The RCPCH, together with the Royal College of Psychiatrists and the BMA, has today published a position statement which also calls for adequate resources and staff in the youth secure estate to develop systems to manage and meet the needs of detained children and young people without recourse to solitary confinement.
Dr Alison Steele, Child Protection Officer for the RCPCH, said:
“Solitary confinement should not be used on children and young people. It can have a profound impact on their health and wellbeing. It also leads to underlying issues being left unaddressed which can have devastating consequences.
“Children and young people held in secure settings have three times the prevalence of mental health disorders compared to the general population, with depression and anxiety being the most common. A large number – over 50% – also have learning disabilities. Therefore, adults working in these settings must be sensitive to their needs.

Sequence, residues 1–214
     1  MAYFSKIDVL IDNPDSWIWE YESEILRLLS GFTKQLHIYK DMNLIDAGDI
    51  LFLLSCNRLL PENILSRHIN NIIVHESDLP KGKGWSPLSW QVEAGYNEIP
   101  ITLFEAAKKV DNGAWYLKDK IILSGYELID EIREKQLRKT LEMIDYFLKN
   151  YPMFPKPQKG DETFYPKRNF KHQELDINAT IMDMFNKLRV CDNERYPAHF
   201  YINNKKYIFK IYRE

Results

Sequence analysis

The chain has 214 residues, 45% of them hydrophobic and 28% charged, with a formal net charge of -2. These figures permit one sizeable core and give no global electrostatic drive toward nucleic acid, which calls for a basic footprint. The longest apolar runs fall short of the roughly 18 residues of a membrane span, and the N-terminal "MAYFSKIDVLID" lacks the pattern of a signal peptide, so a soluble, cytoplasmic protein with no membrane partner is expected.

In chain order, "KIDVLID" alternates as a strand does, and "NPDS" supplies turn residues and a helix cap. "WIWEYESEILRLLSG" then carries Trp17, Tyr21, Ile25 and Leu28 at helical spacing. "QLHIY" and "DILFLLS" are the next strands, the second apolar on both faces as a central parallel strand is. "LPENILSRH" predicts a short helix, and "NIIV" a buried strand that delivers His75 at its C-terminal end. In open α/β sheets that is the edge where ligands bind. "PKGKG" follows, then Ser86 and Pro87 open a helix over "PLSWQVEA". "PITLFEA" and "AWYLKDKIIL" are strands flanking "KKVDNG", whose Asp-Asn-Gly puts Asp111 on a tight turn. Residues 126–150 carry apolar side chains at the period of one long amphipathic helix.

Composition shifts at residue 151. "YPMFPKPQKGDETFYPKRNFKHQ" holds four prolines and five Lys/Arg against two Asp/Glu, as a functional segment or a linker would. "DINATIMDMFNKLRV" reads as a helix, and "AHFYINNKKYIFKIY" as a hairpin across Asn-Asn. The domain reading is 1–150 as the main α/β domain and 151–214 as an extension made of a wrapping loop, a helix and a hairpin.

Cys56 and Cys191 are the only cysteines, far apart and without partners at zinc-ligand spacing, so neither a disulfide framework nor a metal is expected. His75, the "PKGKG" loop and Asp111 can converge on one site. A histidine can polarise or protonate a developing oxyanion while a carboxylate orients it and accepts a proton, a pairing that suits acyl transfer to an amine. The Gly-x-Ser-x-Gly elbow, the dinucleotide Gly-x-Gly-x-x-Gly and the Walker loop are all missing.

“This change in practice is essential and needs to be adopted with urgency but in the meantime, it is imperative we meet the health needs of all young people in secure settings. All health staff have a role to play and paediatricians in particular, must ensure all information relating to the young person’s health, with appropriate consent, is supplied to those looking after them.”